As the above guidance shows, a closing agreement that covers tax years subsequent to the date of the closing agreement is not necessarily invalid. 

Separate Items Covered by a Closing Agreement

Administratively, the IRS has placed some limitations on the use of closing agreements. Rev. Proc. 68-16, §3.02, states that with respect to tax periods ending prior to the date of a closing agreement, the closing agreement can determine the taxpayer’s total tax liability for a specific type of tax for such periods, or the closing agreement can determine separate items that make up the tax liability. For tax periods that end after the execution of the closing agreement, the agreement cannot determine the full amount of the tax liability for that period, but it can determine one or more separate items affecting the taxpayer’s tax liability. See also Regs. Secs. 301.7121-1(b)(2) and (b)(3). Included among the “separate items” that can be the subject of a closing agreement are the amount of gross income, deduction for losses, depreciation, depletion, the year in which an item of income is to be included in gross income, the year in which an item of loss is to be deducted, or the value of property on a specific date (Regs. Sec. 301.7121-1(b)(2)).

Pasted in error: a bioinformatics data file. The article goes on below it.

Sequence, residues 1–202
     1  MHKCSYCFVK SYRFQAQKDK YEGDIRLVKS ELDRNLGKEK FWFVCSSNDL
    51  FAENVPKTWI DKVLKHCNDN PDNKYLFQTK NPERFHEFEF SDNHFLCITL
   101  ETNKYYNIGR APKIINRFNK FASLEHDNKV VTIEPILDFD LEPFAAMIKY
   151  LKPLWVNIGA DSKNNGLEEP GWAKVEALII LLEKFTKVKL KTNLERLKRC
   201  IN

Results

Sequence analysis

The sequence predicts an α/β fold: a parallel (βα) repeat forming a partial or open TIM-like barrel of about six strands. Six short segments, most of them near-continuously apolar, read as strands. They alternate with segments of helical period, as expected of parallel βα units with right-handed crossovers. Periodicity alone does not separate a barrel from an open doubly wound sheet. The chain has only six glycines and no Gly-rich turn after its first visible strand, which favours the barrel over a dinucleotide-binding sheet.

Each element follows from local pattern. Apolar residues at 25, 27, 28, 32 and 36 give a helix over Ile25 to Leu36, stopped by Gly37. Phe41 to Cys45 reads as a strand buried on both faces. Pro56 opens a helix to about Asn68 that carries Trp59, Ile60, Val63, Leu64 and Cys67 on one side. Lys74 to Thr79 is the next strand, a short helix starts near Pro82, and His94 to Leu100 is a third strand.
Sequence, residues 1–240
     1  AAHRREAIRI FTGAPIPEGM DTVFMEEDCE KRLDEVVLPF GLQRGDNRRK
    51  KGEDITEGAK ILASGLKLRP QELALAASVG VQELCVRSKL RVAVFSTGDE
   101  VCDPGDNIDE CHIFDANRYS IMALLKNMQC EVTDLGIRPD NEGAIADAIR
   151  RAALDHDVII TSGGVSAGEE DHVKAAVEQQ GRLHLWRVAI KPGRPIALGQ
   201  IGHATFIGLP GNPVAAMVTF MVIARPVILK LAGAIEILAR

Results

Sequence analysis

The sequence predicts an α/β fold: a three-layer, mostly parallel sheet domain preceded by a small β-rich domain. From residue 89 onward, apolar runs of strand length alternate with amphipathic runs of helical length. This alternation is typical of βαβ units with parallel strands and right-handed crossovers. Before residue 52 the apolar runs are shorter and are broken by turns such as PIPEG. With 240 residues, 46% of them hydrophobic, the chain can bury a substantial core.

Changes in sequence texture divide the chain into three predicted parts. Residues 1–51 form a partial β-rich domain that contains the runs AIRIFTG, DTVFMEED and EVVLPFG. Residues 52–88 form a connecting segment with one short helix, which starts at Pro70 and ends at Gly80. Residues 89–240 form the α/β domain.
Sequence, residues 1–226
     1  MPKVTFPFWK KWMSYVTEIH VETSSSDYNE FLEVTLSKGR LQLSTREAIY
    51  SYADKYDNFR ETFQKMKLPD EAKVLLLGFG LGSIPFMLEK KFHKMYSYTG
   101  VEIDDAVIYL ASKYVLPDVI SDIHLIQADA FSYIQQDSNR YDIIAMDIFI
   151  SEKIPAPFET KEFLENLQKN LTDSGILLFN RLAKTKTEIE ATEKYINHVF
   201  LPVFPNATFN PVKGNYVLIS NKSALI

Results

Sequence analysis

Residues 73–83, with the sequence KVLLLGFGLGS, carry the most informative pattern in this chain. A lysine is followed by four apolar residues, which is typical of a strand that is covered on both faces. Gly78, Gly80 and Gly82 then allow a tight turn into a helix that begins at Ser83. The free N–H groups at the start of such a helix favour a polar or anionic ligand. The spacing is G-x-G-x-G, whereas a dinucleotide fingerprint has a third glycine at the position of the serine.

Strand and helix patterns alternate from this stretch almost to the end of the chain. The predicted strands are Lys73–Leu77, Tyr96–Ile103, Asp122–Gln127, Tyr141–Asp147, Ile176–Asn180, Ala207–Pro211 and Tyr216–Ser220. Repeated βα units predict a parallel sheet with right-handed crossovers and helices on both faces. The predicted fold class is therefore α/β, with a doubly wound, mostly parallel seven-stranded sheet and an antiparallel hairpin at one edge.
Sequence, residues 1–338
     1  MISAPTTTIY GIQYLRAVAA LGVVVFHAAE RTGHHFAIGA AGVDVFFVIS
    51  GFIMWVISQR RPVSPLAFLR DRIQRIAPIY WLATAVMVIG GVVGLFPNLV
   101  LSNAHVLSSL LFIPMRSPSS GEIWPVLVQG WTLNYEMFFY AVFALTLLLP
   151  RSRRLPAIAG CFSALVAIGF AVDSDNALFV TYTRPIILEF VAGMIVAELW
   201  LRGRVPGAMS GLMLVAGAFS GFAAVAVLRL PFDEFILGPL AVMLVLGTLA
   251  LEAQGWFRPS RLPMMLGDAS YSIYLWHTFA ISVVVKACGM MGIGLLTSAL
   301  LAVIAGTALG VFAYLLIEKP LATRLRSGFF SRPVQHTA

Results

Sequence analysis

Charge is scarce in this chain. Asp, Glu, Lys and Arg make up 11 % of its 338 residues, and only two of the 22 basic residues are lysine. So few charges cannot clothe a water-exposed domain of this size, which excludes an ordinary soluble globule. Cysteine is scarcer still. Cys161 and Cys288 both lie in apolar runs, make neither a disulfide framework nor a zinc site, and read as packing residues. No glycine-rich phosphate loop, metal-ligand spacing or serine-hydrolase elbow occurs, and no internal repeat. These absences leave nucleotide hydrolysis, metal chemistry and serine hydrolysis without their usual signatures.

The following example set forth in Regs. Sec. 301.7121-1(b)(4) illustrates the concept of addressing a separate item in a closing agreement covering future periods:

A owns 500 shares of stock in XYZ Corporation which he purchased before March 1, 1913. A is considering selling 200 shares of such stock but is uncertain as to the basis of the stock for the purpose of computing gain. Either prior or subsequent to the sale, a closing agreement may be entered into determining the market value of such stock as of March 1, 1913, which represents the basis for determining gain if it exceeds the adjusted basis otherwise determined as of such date. Not only may the closing agreement determine the basis for computing gain on the sale of the 200 shares of stock, but such an agreement may also determine the basis (unless or until the law is changed to require the use of some other factor to determine basis) of the remaining 300 shares of stock upon which gain will be computed in a subsequent sale.

The example provides that closing agreements may be used to determine the basis of shares of stock even if a sale is prospective. Thus, this example makes clear that a closing agreement can apply to a future event. It is important to note, however, that the binding determination is made due to the nature of a past transaction, which must be applied to future years, to ensure the accurate determination in the future years. It does not apply to future transactions that have no connection to the past or have not yet occurred.

Delegation of Authority

Because closing agreements are legislatively authorized agreements that bind the government, the person who signs the agreement for the government must have been delegated the authority to do so.